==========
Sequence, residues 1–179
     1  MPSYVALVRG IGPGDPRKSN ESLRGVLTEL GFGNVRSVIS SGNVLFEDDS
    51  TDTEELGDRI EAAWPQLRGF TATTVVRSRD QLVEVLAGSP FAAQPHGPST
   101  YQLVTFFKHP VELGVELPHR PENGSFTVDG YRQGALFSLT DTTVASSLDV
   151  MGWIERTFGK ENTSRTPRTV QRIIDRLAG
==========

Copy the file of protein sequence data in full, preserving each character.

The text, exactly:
Sequence, residues 1–179
     1  MPSYVALVRG IGPGDPRKSN ESLRGVLTEL GFGNVRSVIS SGNVLFEDDS
    51  TDTEELGDRI EAAWPQLRGF TATTVVRSRD QLVEVLAGSP FAAQPHGPST
   101  YQLVTFFKHP VELGVELPHR PENGSFTVDG YRQGALFSLT DTTVASSLDV
   151  MGWIERTFGK ENTSRTPRTV QRIIDRLAG